With the advent of the German Bauhaus and Hornbach companies, we also now have switched plugs, which is a relatively new innovation on the Swedish market, with some of the switches being two-pole, making for added safety for the appliance, and bringing us closer to the UK switched outlet.
For you experts out there, there is a visible sign that a switch is double pole. You know what it is of course??
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Hallander
post 13.Jan.2016, 10:57 AM
Post #36
Joined: 4.Mar.2009

QUOTE
You know what it is of course??
No, why don't you tell us ! Visible on the switch as installed ?

I checked all the electrics in our cottage, and found that the idiot DIY (Swedish) previous owner had wired the kitchen water heater switch (single pole) to switch only the neutral line. Stangely, amongst the spares he left, was a double pole switch. So that got changed.

He also wired up earthed sockets in the kitchen without any earth, so that fridge, toaster, kettle were running unearthed. Discovered after I kept noticing a slight tingle touching the fridge.
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Hisingen
post 13.Jan.2016, 02:45 PM
Post #37
Joined: 5.Jul.2012

Indeed yes. Rotary switches have a I and O, rocker switches mostly have just a O. A quick look in the Clas Ohlson or Kjell & Co catalogues will confirm.

As to your experience with the previous owners DIY kamikaze wiring - ouch.

It is little wonder that stores selling electrical fittings do their best to tell you to get an authorised electrician to do the job. Some of those doing it themselves haven't a clue, as I also found with the houses I have had and did with my current home.

In my previous house, the owner had added insulation internally, thus hiding all the junction boxes that we can normally access, and I never did find about 50% of them, nor the 'in-built' door chime transformer.
The current house had mysterious wires going hither and thither, and which were subsequently found to be feeding wall outlets by making devious unprotected journeys through walls and cupboards and fed from the most unlikely sources. Happily I can say that today, all is as safe as it can ever be.
My first house bought in Sweden, in Gbg had been moved intact - on a lorry from what was to be the oil harbour - to a new district created to accommodate these houses. That was back in '27, and the wiring was from that period. Sure it ran in conduit. Paper lined metal conduit. Touch the wires if you dare, since the slightest disturbance caused the insulation to disintegrate leaving bare wires. That place required a total re-wiring in order to remove the ticking fuse.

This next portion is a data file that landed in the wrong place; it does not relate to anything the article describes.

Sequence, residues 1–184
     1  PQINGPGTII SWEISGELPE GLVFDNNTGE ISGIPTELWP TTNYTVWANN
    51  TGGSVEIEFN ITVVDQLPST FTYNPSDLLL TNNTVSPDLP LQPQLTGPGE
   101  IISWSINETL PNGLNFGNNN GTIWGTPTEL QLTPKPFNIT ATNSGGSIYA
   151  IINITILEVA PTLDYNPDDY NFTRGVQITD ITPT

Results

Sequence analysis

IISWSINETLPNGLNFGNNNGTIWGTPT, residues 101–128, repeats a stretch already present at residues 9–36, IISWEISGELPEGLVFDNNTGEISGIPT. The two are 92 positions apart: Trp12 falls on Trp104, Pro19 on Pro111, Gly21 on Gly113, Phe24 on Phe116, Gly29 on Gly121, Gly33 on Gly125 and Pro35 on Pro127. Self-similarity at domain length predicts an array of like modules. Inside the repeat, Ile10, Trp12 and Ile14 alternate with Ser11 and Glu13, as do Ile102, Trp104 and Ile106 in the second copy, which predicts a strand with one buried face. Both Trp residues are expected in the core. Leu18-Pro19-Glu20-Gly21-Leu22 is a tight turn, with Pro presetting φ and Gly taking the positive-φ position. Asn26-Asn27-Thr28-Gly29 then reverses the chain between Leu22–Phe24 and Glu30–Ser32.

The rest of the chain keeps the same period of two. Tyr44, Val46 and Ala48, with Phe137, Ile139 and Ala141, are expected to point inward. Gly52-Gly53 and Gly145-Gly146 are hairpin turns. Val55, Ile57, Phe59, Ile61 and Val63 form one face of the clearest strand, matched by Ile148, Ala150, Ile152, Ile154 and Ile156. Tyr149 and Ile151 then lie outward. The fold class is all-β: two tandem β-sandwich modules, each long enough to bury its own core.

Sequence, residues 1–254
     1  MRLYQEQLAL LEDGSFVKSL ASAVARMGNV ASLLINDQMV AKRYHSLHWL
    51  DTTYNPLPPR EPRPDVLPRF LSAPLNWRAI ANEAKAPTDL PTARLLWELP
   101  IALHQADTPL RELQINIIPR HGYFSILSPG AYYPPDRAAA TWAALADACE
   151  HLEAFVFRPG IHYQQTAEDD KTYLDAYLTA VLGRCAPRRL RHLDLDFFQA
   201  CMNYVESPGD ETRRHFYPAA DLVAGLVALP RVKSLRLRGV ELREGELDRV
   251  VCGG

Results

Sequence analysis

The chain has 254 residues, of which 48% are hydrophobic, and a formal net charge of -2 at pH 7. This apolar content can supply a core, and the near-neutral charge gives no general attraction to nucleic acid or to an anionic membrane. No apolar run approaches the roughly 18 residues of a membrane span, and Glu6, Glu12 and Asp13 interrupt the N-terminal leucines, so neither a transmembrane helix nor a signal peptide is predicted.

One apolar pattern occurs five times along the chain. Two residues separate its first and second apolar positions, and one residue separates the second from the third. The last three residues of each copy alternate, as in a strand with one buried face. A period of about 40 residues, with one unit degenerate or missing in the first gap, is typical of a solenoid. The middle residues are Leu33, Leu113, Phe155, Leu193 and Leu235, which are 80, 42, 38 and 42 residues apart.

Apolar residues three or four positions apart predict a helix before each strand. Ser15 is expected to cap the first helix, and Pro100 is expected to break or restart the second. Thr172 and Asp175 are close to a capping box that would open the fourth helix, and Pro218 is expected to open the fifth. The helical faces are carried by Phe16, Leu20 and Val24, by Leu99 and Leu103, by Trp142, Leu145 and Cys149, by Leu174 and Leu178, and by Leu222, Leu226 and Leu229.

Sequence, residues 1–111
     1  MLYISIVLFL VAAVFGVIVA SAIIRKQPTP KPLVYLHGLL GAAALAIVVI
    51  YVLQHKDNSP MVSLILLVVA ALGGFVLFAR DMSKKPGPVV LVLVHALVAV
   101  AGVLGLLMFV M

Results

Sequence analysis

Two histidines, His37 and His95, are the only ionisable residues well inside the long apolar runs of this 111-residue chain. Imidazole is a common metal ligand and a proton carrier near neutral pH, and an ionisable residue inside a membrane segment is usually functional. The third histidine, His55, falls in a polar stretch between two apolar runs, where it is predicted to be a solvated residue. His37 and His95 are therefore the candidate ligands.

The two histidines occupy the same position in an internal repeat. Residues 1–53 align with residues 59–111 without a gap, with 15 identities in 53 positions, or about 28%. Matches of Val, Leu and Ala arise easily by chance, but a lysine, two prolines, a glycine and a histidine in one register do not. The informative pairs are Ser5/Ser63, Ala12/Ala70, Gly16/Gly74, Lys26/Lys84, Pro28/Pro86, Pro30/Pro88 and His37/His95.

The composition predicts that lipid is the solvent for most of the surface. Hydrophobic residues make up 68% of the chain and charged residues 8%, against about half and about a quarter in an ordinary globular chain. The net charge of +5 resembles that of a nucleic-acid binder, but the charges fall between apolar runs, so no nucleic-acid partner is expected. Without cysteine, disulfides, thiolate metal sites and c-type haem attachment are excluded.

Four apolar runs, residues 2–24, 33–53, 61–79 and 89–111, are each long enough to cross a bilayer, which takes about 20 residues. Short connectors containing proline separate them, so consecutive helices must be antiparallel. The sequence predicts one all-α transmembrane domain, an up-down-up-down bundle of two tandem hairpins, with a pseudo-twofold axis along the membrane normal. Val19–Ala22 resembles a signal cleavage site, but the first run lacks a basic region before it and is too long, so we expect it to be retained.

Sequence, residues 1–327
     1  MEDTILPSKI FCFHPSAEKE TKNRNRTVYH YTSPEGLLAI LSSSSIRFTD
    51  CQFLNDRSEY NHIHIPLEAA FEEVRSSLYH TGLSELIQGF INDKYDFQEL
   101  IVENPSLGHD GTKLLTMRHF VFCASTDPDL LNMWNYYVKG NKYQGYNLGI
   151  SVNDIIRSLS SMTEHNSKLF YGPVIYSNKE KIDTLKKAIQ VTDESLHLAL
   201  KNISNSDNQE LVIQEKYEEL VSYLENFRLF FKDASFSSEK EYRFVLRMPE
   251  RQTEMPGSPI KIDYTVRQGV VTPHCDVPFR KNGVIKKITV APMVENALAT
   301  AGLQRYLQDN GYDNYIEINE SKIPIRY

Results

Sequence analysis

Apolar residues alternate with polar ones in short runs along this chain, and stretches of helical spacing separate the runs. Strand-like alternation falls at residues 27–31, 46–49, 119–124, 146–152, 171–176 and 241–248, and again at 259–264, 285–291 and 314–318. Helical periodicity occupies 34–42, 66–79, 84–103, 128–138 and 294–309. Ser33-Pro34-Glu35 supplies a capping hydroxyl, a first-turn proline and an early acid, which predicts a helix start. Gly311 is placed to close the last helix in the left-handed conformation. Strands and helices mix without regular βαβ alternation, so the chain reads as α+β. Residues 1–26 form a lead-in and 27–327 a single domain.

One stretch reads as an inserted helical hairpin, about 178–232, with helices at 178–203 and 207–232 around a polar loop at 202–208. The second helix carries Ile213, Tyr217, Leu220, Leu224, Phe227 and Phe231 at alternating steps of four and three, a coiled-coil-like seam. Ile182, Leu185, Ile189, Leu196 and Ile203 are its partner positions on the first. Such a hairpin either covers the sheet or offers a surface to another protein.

Thank heaven for the current VP conduit and the modern fittings that reduce risk to a very low level, and make installation that much easier.
I, for one, am more than pleased at the advent of switched plugs here, even if we can never be sure which wire is switched. At least it does give us just a little more control. Control that the UK switched outlets provides excellently.

I just realised that I have omitted to mention the low-voltage plugs - similar to the two-pin 10 amp plug but with pins of different sizes to thus avoid making a mistake. That was because in all my time here I have never physically encountered them, but they seemingly still do exist and are available, for use in leisure cottages, caravans and boats on 12 or 24V. I found reference to these in an old Clas Ohlson catalogue from 1989 ! ! But I had also seen them in a recent catalogue somewhere.

You mention the 30amp ring main. Yes, I remember that when I bought a place back when in the UK . with the main fuse rather like a 6" nail - - - . But in my home village we had no electricity unil the early '50s even though there was electricity on the RAF/USAF airfield adjacent. Evacuated from London, where we had all mod cons, it was like a step into the past. Paraffin lamps, oil stoves for cooking when we did not use the kitchen range to save the ration of coal, and the loo on the other side of the path that fed the row of cottages, and a tap in a box at the end of the path supplying us all with water. During winter when it froze, everyone waited as long as they could to see who was brave enough to try and thaw it out. Ah - those were the days - - - or not. These thoughts come to mind today when the thermometer is indicating -7
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Hawk
post 13.Jan.2016, 08:27 PM
Post #38
Joined: 12.Jan.2016

Well I have been confused all day by a light socket on my livingroom ceiling. It has 2 live feeds and a neutral so I think it is a way of having a dimming function by only having half of the fitting lit - like a 2 bulb fitting. The wall switch has 2 switches also.
Am I on the right track anyone with Swedish knowledge out there?
I am only going to connect to one live feed as the fitting is one bulb.
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Hallander
post 14.Jan.2016, 10:17 AM
Post #39
Joined: 4.Mar.2009

Yes, it sounds as if its for 2 bulb fittings.

I recall an earlier thread where I got it wrong, about wall mounted double switches. I was wrong about a technical detail, but the point accepted was that they were often for ( more in the past) chandalier type fittings where you might want only half the lights on. (Though I still dont get why the commoner double switches have one switch up for on, the other down for on. But then I dont get how Swedes are more relaxed about whether for light switches its down for on or up for on anyway.)